I also understand Jesus a little more when he said,
I tell you the truth, unless you change and become like little children, you will never enter the kingdom of heaven. Therefore, whoever humbles himself like this child is the greatest in the kingdom of heaven.
In this text, I do not think our Lord is necessarily getting at simplicity, immaturity, neediness, or innocence. What he is getting at is dependence. James is totally and completely dependent on Sara and me for cleanliness, food, safety, care, and so much more. He is still not even a month old. I can only imagine how this list will grow in the future. Let's put it this way: you are never fully conscious of the breadth and depth of your dependence. This is a good thing.

Sometimes there will be no poop or pee in the diaper, he will have just fed, he will have just burped and farted, but he will still not be calm. He still wants to show us the back of his throat and see how big of a red-faced scream he can give us. His cool, little, vibrating chair will not fix it. Talking in high pitch psuedo-baby speak won't do. Changing the ol' diaper for good measure doesn't cut it. However, it is quite often fixed by just holding him near and taking a walk. There is something about the nearness of the dependent that seems to bring peace. David understood this.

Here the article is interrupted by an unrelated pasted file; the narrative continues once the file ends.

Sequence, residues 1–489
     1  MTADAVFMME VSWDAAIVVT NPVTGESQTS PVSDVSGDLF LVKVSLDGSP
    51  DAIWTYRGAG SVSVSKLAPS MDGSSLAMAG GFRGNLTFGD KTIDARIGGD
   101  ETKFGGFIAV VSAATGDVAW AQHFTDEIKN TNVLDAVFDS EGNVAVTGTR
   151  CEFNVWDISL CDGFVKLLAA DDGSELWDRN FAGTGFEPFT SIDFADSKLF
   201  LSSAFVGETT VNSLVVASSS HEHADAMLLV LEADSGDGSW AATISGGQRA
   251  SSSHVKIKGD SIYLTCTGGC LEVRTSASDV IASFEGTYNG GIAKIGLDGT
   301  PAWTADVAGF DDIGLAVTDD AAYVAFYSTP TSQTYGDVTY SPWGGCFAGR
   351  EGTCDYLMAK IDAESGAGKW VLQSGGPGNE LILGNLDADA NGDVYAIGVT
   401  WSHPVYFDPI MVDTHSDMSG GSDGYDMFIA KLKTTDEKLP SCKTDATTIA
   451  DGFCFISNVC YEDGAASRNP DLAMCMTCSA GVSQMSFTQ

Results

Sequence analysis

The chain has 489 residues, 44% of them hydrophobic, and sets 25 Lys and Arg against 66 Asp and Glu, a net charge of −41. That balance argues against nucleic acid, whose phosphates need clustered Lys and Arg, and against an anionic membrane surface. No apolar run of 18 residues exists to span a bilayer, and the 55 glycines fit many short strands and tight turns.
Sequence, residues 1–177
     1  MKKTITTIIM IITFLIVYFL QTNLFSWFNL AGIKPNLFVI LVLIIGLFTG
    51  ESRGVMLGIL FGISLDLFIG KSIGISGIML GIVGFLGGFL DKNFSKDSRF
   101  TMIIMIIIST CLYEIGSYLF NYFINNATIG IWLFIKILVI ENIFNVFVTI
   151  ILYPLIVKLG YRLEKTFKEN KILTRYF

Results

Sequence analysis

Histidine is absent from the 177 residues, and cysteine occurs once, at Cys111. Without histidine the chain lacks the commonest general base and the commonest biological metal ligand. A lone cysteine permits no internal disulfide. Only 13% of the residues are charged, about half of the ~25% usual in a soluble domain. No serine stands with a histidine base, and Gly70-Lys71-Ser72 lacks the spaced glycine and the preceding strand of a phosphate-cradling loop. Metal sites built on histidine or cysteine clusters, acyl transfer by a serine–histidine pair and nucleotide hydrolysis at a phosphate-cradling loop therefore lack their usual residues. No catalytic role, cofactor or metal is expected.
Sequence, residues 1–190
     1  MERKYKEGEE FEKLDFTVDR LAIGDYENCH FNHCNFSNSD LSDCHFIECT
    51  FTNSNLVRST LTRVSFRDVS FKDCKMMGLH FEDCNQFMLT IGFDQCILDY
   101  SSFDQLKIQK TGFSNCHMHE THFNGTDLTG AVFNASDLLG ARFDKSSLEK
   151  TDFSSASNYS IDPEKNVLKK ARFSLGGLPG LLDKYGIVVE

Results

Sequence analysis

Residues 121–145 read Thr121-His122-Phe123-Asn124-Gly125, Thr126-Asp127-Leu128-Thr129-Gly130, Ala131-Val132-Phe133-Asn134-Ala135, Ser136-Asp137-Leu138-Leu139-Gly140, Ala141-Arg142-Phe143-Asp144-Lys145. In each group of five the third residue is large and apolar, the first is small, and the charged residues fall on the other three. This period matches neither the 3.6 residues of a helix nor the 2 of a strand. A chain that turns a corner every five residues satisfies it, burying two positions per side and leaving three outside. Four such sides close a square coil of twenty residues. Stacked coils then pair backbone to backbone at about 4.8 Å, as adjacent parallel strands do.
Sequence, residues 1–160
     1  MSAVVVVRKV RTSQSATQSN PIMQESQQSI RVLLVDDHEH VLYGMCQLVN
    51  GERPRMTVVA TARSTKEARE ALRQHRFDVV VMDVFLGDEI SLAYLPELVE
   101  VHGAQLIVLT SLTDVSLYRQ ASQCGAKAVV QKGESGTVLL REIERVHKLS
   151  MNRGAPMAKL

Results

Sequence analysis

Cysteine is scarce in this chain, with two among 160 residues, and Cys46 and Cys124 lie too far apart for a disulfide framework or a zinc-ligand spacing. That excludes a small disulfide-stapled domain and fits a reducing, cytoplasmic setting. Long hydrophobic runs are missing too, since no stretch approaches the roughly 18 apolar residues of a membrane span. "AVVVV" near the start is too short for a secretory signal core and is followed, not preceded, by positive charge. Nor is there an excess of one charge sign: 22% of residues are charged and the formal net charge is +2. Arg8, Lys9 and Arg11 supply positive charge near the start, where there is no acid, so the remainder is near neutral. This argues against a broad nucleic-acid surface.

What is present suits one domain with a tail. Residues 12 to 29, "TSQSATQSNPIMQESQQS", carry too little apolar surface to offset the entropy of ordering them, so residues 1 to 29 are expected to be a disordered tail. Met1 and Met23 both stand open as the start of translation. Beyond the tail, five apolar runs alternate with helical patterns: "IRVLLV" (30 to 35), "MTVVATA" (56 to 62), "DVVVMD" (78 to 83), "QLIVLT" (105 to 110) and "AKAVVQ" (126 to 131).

My flesh and my heart may fail, but God is the strength of my heart and my portion forever... The nearness of God is my good; I have made the Lord God my refuge that I may tell of all Your works.

Tuesday, July 14, 2009

i'll fly away tuesday

Our post-supper jam session included a bunch of gospel and campfire classics. Infinite happiness. Barb caught one on tape.

fellowship and division?

What are issues that should cause a break in Christian fellowship? At what point can a local congregation no longer work together in unity for the kingdom moving forward through the gospel?

Is it strictly a matter of the issue on the table? Baptism? Lord's Supper? Deity of Christ? The Millennium? Justification? Bodily resurrection? Six literal days of creation? Literal, eternal hell?

Is there any litmus test to these issues that will show which ones are ok to disagree on? I've got two thoughts on this that have proved helpful to me. Here goes nothing.

FIRST, I'm blessed to teach Redemptive History and Systematic Theology. I love explaining the difference to my students. I tell them that RH is the story of God creating and calling a people to be with Him, like Him, and for Him. This is experiential, relational, and more subjective. It is based more on chronology and progressive revelation. A simple way to put it is that RH is about reading the Bible like this: